Letters to the Editor
You are invited to write in with your views and opinions. Please respect our limit of 300 words; letters may be edited for reasons of space or clarity. Include your full name for publication, and your address and phone number for authentication purposes. Anonymous or unattributed letters will not be accepted except in special circumstances; offensive language and personal attacks will not be accepted in any circumstances.
Mail: The Editor, Cook Islands News, PO Box 15, Rarotonga
Fax: (+682 ) 25303
Reading your editorial this morning (“Sweat equity counts for little”, Feb 29) my opinion is, it seems that you are mischief-making.
One Filipino was turned back because the Philippines was added to the list of banned countries. There was no evidence to suggest he was a carrier of the virus.
I applaud Richard Thomson (“Seabed salvation a pipedream”, Letters, Feb 20) because unequivocally, he is absolutely correct, in his criticism of the management of the economy by successive Cook Islands governments.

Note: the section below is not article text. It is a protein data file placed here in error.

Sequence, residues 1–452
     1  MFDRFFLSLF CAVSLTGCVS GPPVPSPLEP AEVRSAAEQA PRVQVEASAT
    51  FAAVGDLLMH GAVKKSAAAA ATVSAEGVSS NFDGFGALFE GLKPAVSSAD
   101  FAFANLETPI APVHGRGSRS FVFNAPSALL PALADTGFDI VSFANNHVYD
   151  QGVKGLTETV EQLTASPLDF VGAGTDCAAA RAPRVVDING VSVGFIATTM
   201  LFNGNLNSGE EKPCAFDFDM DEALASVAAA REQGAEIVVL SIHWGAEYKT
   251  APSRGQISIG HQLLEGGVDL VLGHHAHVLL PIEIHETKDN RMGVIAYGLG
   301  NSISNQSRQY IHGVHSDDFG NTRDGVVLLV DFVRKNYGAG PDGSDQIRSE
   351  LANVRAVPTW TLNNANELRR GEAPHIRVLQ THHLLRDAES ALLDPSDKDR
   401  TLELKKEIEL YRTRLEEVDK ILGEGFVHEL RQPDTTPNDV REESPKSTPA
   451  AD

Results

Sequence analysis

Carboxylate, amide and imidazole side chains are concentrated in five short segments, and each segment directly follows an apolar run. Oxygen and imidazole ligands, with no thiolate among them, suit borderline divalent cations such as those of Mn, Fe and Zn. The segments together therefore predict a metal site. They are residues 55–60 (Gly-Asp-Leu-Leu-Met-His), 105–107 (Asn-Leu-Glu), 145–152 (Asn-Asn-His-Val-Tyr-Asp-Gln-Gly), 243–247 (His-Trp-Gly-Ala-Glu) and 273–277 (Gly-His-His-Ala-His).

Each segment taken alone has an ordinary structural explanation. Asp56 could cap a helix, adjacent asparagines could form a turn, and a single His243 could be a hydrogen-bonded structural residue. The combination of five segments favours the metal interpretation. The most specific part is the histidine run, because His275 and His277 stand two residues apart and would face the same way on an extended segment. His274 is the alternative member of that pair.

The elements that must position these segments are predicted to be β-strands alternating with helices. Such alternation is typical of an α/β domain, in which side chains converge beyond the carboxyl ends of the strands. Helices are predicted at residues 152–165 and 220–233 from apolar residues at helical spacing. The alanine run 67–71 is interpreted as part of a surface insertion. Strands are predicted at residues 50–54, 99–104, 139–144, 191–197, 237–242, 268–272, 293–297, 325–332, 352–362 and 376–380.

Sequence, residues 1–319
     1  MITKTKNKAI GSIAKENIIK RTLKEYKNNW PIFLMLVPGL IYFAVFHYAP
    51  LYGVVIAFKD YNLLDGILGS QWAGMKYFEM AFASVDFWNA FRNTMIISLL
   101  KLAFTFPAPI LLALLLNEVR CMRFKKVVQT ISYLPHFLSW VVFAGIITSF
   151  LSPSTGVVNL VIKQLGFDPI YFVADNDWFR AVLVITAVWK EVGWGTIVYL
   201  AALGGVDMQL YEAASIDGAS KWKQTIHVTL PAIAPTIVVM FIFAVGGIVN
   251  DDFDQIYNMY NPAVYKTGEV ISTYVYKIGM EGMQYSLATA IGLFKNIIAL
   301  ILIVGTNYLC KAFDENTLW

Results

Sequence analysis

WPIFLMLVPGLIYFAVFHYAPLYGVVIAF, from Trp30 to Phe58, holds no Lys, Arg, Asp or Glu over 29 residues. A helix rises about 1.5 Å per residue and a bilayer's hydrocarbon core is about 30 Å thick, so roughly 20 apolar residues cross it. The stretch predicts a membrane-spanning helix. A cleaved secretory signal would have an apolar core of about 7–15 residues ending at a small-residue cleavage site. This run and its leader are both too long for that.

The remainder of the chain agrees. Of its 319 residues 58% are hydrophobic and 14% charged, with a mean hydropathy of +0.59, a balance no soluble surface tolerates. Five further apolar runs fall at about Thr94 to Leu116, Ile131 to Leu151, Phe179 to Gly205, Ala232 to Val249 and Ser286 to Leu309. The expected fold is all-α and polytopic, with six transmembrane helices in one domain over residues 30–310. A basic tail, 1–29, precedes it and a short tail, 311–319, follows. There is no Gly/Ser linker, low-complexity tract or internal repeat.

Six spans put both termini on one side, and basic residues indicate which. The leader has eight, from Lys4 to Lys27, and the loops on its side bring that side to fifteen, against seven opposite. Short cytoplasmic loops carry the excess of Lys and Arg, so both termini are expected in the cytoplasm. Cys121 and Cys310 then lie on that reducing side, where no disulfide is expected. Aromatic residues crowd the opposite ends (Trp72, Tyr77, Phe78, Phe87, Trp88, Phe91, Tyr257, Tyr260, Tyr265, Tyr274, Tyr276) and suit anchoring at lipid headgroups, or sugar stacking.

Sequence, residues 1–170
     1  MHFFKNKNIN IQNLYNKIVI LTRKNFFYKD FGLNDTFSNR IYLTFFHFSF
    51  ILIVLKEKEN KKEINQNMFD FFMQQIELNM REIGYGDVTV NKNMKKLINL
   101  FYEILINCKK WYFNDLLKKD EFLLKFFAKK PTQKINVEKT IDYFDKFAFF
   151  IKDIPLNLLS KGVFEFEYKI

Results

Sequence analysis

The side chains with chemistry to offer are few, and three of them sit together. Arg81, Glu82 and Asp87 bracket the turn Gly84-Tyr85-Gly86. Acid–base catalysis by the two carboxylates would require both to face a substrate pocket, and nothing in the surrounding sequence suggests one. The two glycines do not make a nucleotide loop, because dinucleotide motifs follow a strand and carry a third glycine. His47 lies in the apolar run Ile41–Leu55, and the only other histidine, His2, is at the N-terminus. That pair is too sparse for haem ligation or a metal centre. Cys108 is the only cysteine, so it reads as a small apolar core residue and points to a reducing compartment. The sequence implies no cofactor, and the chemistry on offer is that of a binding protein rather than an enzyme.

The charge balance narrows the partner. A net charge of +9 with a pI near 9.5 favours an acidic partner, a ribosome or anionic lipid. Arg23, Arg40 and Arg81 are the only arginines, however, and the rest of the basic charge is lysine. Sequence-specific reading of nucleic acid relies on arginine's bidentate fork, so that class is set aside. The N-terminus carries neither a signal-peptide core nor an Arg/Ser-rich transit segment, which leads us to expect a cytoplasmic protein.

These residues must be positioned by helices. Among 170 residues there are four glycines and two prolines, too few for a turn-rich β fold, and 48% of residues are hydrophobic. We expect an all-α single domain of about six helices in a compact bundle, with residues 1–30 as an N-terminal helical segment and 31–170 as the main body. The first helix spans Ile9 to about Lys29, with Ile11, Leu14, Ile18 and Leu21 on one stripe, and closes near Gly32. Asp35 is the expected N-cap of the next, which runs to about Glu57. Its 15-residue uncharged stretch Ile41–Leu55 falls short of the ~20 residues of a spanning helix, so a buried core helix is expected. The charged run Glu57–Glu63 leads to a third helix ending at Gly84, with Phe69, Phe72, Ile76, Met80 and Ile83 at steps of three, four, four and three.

If you are so informed about the 17 New Zealand coastwatchers why not write their story? (Michael Field, Letters, Jan 30).
You may recall that in October 2019 I announced my intentions to start a new political party, the Progressive Party of the Cook Islands, to address once and for all the political appointments, the treating, bribing of voters and other irregularities at voting time and favouritism of public service appointments rampant in our society.
Following your editorial “Let those parents bury their sons,” you spoke of known and controversial social media comments from contributors about 14 year old Mona Ioane Jr’s motorbike crash and death. Many had a lot to say whilst also posting revealing comments including attributing blame for Mona’s unfortunate passing. “RIP, e Haere Ra.”
Mei Te Vai Ki Te Vai held a courtesy information evening at Turangi Meeting House for landholders and interested people. They presented options for “Centralised, reticulated wastewater scheme for Muri area”. This is prior to an Environmental Impact Assessment (EIA).
Tougher laws are not going to stop law-breakers from dying on our roads. The fatal accidents are due to people not obeying the existing laws that are there to protect them.